As George Orwell stated in Animal Farm – “All animals are equal but some are more equal than others.” This certainly applies in the  case of the governance of the financial system. All institutions and weaknesses (supervisory, market, risk) are equal in theory and in the need for regulatory redress, yet some failings are more compelling than others in terms of the potential for significant disruptions to the region and some institutions more important in this concentrated financial sector context including for the purposes of ensuring prudent standards and system wide stability. The degree of urgency with which such weaknesses need to be addressed depend rather on a complex combination of factors that define each system and in practical terms may be conceptualized in terms of the consequences of a failure to address.  Further, the governance challenge must certainly be more equal than other concerns.

In the context of small island developing nations, the governance challenge twinned with widespread corruption and changes in political parties can strongly undermine transparency in the financial and other sectors and mask the true failings that in the case of financial institutions can result in widespread economic distress if these failings – whether of risk, governance, corporate fraud or other causes – are allowed to go undeterred in the hope that disruptions shall be minimal or due to a short-term perspective. Given the historical context, bank-centric systems as well as the traditional approach to financial innovations, there is a strong chance that fraud – rather than inter-institutional systemic risk – shall play a dominant role in facilitating another major crisis event in the region.

For the financial sector, the broader issue of corruption manifests through myriad ways – seemingly lax corporate governance practices, regulatory hesitation to confront or intervene (particularly prior to a financial institution’s failure) for multiple reasons ranging from political pressures to fears of foreign competition and even regulatory xenophobia. The issue of funding from the regulated sector in terms of political contributions only adds to the conflict and challenge. It is arguable that at least in the case of the financial sector, such a tendency can pose significant conflicts of interest where regulators may be deterred from regulatory interventions that may be objectively prudent and in the best public interest. For the purpose of the financial sector the need for a politically and financially independent regulatory authority becomes compelling. It is a question that speaks both to private sector governance and public sector accountability. At an extreme, it bring to the fore the issue of whether public policy making can be subordinated to the private sector demands and what the meaning of this is for the public good.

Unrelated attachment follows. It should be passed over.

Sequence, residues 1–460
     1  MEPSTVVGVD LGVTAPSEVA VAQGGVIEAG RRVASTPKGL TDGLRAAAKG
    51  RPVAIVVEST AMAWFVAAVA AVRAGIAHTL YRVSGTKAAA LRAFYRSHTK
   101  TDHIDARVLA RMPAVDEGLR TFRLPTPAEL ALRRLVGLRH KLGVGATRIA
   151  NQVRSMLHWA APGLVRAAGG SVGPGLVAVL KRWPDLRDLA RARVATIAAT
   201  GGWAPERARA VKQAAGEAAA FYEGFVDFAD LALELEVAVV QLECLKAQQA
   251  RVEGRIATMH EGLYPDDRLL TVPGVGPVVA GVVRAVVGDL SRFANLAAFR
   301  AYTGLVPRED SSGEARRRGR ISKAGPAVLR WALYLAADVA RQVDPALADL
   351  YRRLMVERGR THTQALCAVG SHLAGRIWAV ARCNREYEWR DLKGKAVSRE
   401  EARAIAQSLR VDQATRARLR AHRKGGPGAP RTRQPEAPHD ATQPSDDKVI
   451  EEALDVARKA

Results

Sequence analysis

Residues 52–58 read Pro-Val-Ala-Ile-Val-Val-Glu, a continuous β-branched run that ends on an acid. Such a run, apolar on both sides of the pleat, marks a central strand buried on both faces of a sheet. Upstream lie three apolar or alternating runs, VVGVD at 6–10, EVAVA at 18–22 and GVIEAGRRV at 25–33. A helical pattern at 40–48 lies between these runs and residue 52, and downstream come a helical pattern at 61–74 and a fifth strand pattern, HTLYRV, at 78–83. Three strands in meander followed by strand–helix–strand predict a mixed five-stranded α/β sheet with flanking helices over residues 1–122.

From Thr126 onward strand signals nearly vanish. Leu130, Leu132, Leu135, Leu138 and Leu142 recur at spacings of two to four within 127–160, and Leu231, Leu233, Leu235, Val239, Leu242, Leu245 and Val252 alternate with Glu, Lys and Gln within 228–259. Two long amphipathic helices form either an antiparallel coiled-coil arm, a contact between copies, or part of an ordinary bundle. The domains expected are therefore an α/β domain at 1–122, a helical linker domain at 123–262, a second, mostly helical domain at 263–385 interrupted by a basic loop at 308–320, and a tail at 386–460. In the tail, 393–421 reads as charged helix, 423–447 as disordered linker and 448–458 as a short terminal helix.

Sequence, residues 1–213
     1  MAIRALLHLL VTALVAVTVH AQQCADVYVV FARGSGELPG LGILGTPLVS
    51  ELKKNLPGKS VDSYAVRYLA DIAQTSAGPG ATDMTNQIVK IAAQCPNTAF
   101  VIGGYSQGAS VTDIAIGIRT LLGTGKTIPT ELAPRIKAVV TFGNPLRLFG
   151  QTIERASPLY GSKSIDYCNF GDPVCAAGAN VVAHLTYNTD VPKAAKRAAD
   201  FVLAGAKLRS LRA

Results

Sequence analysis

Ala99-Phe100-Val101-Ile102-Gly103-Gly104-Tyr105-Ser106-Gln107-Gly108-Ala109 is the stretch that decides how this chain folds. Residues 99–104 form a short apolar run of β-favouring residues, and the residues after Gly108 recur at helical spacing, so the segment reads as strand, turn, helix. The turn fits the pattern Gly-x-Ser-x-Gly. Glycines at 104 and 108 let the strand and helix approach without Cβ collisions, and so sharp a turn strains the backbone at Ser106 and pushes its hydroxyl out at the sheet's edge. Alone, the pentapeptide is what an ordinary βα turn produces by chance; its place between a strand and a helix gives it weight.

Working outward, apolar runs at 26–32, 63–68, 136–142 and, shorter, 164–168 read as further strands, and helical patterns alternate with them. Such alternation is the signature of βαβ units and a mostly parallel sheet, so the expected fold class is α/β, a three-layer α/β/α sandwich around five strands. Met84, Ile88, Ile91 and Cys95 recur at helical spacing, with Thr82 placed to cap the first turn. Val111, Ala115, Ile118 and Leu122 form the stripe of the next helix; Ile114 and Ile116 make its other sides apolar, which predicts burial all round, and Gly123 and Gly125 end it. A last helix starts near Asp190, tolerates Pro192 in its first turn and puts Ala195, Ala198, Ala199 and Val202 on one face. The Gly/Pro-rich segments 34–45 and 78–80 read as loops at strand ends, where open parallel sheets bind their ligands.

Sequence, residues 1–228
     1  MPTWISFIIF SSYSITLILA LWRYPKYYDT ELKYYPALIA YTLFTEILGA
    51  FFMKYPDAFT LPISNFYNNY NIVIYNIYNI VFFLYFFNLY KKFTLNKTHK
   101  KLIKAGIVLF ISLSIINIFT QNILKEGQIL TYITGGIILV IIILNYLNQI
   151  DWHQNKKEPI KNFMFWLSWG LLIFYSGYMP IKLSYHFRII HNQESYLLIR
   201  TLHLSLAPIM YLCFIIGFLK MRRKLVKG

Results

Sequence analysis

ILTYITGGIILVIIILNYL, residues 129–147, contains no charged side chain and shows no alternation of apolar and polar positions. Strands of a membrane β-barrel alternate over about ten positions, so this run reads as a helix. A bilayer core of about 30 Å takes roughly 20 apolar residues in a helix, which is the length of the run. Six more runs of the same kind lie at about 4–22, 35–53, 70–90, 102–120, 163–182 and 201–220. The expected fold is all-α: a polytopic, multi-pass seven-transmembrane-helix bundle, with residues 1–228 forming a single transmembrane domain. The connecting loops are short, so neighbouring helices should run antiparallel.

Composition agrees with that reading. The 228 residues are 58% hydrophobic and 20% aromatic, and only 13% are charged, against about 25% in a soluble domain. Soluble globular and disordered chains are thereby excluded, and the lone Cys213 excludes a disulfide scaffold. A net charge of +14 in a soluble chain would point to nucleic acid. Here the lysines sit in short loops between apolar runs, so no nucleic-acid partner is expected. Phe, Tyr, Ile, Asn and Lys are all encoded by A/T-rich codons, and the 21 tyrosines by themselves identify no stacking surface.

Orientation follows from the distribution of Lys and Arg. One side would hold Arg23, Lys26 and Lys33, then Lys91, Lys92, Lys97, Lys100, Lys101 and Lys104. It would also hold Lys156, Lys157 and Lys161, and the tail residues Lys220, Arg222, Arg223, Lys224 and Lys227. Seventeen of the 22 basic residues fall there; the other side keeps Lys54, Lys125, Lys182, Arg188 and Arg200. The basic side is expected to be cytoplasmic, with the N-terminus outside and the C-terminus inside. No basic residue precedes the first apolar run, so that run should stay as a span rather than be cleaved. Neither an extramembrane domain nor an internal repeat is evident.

There is a need to review the governance practices of major financial institutions int he region before contemplating further policy measures. The past history of failures in the region demands this even in the absence of recent global developments. The combination of concentration in terms of few dominant institutions is highly relevant for considering the impact of such deficiencies particularly when contemplating regional expansion. Given the historical context, bank-centric systems as well as the traditional approach to financial innovations, there is a strong chance that fraud rather than inter-institutional systemic risk shall play a dominant role in facilitating another major crisis event in the region. Regulatory capacity – or the exercise of the regulatory function – has been constrained not by such limits – but its weaknesses in effectively supervising the financial sector are reflective of ongoing concerns of broader significance – in particular, weak governance practices (private/public), corruption at multiple levels of the public system and a highly politicised environment.